When you’re diagnosed with COPD, you’re encouraged to eat healthy, exercise, get adequate sleep and avoid triggers, such as pollen, if you have allergies.
But I did so little of this, pre-diagnosis, I’m sure it made my rehabilitation that much more difficult.
Those of us with chronic lung problems have difficulty exercising. Shortness of breath is a major limitation but sometimes muscle fatigue is an ever-greater problem.
Although exercise does not improve lung function, training helps with COPD by strengthening limb muscles. This can improve endurance and reduce breathlessness.
Exercise? Forget it!
I smoked for 25 years. I think there’s a mind-set that goes along with smoking tobacco that says, “I’m going to eat what I want, when I went to, drink what I want and sleep when I can. Oh, and exercise? Forget it!”
I was guilty of most of that except for (believe it or not) the exercise part. Over my ¼ century affair with cigarettes I played handball, paddle ball and racquet ball, mostly without feeling too winded and walked quite a bit.
I loved walking.
When my wife and I first got married I was working in lower Manhattan – New York’s City Hall to be exact – and living in Brooklyn, across the East River. There were a number of subway lines that serviced our neighborhood. 3 million people ride the New York City subways daily so, you need a number of lines to take care of all of those folks.
Walking the Brooklyn Bridge
One of those lines would bring you to the foot of the Brooklyn Bridge. If you stayed on the train for one more station, you went under the river and right to City Hall.
But I loved walking across, as the sun was rising, especially in the Fall and Winter. So, unless it was pouring, I always chose to get off a station earlier. I was in my 30’s and 40’s (I’m 64 now) and I never felt winded or tired.
So, while I didn’t belong to a gym, or go running or take exercise classes, that 25-minute walk kept me in pretty good shape. The lungs were still good then too.
I’ve also always been open to “health food.” I was a hippie – hair down to my shoulders and sometimes in a pony tail. And so, as the late 60’s and 70’s progressed, we began experimenting with foods that did not have preservatives and tried to cut out sugar and other food staples that had, at one time, been a part of everyday life.
Some friends became vegetarians and others grew their own vegetables to avoid pesticides.
I can’t say I felt any better in those years, probably because, while I was endeavoring to live a healthier lifestyle by watching what I put in my stomach, I never ceased frying my lungs with cigarette smoke.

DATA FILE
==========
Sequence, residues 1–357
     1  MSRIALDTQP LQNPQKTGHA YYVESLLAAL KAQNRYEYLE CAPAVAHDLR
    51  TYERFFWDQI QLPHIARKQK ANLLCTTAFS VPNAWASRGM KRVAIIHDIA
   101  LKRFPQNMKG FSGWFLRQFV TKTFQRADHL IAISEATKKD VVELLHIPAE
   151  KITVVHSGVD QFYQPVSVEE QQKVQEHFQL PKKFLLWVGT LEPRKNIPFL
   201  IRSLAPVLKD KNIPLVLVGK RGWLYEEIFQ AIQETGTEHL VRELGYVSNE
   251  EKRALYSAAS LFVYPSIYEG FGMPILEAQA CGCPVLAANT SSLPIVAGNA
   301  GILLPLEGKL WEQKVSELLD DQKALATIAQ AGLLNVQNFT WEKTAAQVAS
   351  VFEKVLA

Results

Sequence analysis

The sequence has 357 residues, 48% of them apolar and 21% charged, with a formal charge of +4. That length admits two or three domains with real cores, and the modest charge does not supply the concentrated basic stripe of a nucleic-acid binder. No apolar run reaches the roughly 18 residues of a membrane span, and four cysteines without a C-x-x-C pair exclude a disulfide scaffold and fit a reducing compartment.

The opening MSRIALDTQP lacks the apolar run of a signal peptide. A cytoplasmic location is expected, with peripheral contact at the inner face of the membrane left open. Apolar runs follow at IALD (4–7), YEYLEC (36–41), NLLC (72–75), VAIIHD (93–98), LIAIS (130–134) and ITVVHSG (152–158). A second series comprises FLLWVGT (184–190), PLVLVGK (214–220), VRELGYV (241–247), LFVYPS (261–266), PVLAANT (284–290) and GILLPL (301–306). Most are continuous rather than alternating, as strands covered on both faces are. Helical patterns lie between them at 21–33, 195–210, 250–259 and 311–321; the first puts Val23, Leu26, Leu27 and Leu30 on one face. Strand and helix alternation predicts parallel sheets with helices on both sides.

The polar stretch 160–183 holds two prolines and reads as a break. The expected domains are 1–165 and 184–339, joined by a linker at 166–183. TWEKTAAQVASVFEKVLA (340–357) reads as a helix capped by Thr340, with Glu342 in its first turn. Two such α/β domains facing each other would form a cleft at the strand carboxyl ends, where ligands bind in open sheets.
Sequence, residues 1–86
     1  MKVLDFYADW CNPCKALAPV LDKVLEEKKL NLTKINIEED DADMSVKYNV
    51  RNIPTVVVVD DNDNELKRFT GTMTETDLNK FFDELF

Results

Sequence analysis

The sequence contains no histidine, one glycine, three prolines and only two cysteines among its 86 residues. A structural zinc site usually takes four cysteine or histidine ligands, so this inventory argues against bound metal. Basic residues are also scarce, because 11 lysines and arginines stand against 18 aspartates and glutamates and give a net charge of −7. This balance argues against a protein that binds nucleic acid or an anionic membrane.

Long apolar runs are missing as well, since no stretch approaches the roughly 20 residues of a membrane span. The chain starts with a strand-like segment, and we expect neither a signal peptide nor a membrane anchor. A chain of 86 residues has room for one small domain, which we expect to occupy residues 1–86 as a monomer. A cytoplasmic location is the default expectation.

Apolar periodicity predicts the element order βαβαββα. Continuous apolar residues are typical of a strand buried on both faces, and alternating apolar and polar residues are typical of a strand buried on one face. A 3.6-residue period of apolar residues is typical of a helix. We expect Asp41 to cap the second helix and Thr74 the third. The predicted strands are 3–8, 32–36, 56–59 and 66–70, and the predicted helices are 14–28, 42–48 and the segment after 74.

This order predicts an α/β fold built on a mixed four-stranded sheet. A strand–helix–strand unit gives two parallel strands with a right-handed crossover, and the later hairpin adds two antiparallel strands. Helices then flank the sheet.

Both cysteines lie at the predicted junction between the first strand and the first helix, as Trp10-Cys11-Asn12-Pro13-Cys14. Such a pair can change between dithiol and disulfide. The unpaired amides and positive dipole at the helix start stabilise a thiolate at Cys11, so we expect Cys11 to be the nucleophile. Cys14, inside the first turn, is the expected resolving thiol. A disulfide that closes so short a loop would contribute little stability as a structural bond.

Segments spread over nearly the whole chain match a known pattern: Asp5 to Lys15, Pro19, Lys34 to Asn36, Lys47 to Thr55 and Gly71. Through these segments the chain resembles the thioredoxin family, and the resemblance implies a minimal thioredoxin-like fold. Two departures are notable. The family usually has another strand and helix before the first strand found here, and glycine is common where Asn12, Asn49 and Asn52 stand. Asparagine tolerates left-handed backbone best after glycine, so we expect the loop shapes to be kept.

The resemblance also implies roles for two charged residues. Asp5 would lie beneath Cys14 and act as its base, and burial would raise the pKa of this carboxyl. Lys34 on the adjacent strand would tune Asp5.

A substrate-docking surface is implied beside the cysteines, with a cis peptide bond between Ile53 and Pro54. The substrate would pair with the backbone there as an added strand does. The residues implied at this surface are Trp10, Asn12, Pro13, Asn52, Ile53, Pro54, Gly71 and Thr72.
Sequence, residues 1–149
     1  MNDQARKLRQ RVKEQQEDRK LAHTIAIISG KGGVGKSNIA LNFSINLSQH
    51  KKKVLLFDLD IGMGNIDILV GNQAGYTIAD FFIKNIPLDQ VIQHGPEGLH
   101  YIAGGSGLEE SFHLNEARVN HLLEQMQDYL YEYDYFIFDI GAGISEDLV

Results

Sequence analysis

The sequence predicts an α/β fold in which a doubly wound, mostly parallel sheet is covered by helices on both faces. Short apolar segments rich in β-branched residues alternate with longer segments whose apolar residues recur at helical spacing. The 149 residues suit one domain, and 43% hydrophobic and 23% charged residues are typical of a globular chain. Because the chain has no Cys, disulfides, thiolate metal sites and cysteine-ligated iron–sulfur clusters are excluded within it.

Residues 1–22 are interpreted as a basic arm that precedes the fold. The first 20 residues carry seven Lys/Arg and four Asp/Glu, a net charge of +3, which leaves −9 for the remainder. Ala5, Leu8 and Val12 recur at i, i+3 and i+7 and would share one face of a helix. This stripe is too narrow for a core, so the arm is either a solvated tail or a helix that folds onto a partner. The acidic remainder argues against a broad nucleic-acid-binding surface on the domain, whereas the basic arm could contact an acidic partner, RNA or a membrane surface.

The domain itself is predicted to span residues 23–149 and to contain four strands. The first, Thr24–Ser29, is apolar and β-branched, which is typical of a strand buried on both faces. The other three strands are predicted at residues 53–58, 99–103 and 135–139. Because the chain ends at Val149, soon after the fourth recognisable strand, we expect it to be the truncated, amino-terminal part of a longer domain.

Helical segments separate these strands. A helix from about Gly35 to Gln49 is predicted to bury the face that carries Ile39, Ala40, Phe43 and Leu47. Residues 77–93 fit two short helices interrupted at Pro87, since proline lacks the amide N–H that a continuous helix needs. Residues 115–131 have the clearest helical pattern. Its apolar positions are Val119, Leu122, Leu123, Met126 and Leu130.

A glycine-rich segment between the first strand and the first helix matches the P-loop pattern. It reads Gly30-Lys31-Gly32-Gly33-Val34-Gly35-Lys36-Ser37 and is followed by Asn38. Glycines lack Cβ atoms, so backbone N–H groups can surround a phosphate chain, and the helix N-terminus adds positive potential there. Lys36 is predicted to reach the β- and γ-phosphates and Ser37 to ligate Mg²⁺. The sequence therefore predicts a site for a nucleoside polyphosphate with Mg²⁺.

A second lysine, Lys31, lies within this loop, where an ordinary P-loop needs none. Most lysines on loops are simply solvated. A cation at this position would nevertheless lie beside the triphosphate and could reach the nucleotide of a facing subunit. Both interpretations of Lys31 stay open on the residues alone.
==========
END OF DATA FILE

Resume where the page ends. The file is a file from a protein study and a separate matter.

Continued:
Never even thought about quitting. In fact, most of the hippies I knew smoked cigarettes (among other things – lol).
My experience with rehab
I’ve gone to “rehab” (rehabilitation) 2 sometimes 3 times a week for the past year and a half. It’s not easy.
I spent 20 minutes on a treadmill. Then I spend another 20 minutes on a stationary bike. I also use an arm-exercising machine that can be set for different resistance levels, for 5-10 minutes, depending on how strong I’m feeling. I also walk laps on a track.
Walking is the best exercise for folks like me, with emphysema. Patients should try to walk 3 or 4 times a day, every day for 5-15 minutes. I can’t say I’ve been 100% successful with this.
And, I do all of this with oxygen. And I went from 228 lbs. to 198 lbs. in 11 months.
Since the rehab facility is located within a hospital, there are plenty of assistive devices for various ailments. There is physical and occupational therapy equipment spread throughout the floor and we’re encouraged to try different items we otherwise would not normally use, all the while monitored by facility staff.
We all have difficult days, especially this past summer with high temperatures and high humidity.
But we encourage and support each other as well.
I’m just sorry it took my diagnosis to get me off my duff and to begin exercising. I’ve lost over 25 pounds in 26 months and I’m very proud of that fact.
If it’s available to you, get yourself to rehabilitation.
Different facilities have different payment arrangements. The one I attend accepted my pulmonologist’s prescription and health insurance for 3 months. After that, I paid out-of-pocket as a “community member.”
In any event, it’s the 2nd best thing I’ve done for my physical self.
Quitting smoking was #1.
This article represents the opinions, thoughts, and experiences of the author; none of this content has been paid for by any advertiser. The COPD.net team does not recommend or endorse any products or treatments discussed herein. Learn more about how we maintain editorial integrity here.